[Original post and full discussion on The Chicktionary]
what a spoiled little life you lead. how DO you pay for all your globe trotting and partying? you must have rich parents or a sugar daddy. or maybe you moonlight in addition to your ‘writing career’? anyway, enjoy your life of privilege while it lasts. someday you may find yourself scrubbing floors or pots and pans or caring for the sick or elderly. life is not a beach, as the saying goes. -comment by joe
The bottom line you Ivy league snob, is that you throw all of your globetrotting in the face of the 99% of readers who are less fortunate than your spoiled ass. Most college students are eating ramen noodles 5 nights a week, and living in a piece of shit apartment with second hand furninture you ungrateful twit. Maybe you should get some common sense. I can’t wait until you graduate and are unemployed. Maybe then you will learn some humility. –comment by Satsuya
I never cease to be amazed by the amount of vitriol spewed my way. Most of it is along the lines of “whore whore slut”, but occasionally, my blog also attracts bitter members of the underclass*. For example, I was heavily criticized last year when I chronicled the time I spent in Europe. Most of that summer was spent squatting in a dorm room where I shared a bed with my best friend (I was literally squatting, as in, I was not allowed to be there and did not pay rent, nor was my presence accounted for in any official way), and most of those nights, she slept on the floor in a sleeping bag. Glamorous it was not.
But some of my more ignorant critics nonetheless view any traveling as jetsetting and Europe/anywhere outside of North America as some shiny place inaccessible to all but the wealthy. That’s just patently untrue. I don’t deny that Harvard offers certain advantages, such as well-connected friends who can offer free lodging or entertainment (see: my entire Ibiza trip). I know plenty of college students who eat ramen, live in small apartments, and are on full financial aid (like me) who also find affordable ways to travel and have fun, often on their school’s dime. Going abroad doesn’t automatically make a person overprivileged or mean that they come from money (or even if they do, it doesn’t mean they don’t pay for it on their own) just as going to an Ivy League school doesn’t automatically make me a snob. (And besides, what would be wrong with parents paying for vacations? I’d want to do that for my kids!)
Do I think I have it better than most college students? Yes and no. I probably have it better than most college students whose mothers are hotel maids. But that’s only because the children of hotel maids don’t usually attend Harvard, an institution as valuable for its social network as it is for its education. If I’d gone to UC Berkeley, I probably wouldn’t receive invitations to the South of France, but maybe I would’ve been invited to Napa instead. That being said, it’s not as if every Harvard student has a recognizable last name and comes from a family who owns second or third homes (most don’t). Those who do are usually humble about it, or at least, they’ve been taught to not talk about it.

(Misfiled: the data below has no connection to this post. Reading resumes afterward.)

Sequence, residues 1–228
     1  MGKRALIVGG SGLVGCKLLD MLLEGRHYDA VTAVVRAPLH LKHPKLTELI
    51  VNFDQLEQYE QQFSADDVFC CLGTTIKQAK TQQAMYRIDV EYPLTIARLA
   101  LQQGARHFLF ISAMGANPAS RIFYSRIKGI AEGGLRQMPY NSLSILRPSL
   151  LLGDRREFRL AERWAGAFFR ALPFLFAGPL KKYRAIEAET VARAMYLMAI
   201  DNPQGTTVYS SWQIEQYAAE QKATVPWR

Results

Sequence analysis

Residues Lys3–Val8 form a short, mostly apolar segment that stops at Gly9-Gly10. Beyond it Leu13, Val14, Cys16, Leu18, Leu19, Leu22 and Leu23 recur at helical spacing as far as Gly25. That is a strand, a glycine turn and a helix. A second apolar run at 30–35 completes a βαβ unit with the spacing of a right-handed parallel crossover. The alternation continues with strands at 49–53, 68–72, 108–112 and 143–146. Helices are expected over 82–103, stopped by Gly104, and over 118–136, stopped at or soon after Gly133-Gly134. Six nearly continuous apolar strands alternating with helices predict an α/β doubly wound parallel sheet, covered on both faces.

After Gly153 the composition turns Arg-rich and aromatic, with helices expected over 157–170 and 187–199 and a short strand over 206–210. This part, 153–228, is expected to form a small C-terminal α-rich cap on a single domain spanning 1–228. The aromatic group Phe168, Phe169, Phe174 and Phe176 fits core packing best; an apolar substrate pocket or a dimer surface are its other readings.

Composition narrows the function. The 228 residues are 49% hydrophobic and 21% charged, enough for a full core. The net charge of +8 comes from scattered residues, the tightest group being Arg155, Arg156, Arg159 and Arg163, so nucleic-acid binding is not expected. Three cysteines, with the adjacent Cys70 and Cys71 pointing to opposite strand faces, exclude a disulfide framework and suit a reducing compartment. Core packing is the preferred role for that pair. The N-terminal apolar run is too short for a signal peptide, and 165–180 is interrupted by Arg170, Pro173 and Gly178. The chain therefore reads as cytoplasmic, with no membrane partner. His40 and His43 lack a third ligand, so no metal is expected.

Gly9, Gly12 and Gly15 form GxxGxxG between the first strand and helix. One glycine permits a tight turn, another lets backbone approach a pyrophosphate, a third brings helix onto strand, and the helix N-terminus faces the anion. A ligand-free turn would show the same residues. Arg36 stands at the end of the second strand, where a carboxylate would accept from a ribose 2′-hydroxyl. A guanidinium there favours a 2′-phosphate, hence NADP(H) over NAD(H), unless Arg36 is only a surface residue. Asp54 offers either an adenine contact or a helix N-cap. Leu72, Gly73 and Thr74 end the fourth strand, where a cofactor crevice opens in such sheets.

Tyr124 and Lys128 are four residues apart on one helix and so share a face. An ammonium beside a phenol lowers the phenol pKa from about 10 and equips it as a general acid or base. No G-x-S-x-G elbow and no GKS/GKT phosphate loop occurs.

Maybe instead of calling me spoiled, ungrateful, and lacking common sense, these commenters should be asking themselves why they’re so resentful. When I first got to Harvard, I very much felt like an odd girl out because of my background and I’ve always been acutely aware of the school’s air of privilege. I’m sure I know better than these guys what it’s like to be poor in the face of extreme wealth. But while I don’t doubt that there are plenty of douchebag Harvard alums stealing your jobs and girlfriends, I’m not one of them and it’s incredibly ignorant to assume that’s what every Ivy Leaguer is like.
The fact that these commenters think it’s impossible for a Harvard student to come from a lower middle class background (i.e. less than $30,000/year for a family of three) just demonstrates how little they know about socioeconomic diversity here. Besides its diversity recruitment efforts, the school also attempts to make money a non-issue one students are on campus by randomizing the housing lottery (so that everyone has a shot at the most desirable dorms) and offering a single all-you-can-eat dining plan (so that everyone can eat as much as they want without having to worry about paying more for it). So sure, you could say that most students who came from a similar background to mine are probably “less fortunate” but that’s because most schools don’t make it a priority to create the illusion of class equality.
I’m perfectly aware that Harvard offers certain privileges, but I’m not going to apologize for taking advantage of them.
* I jest.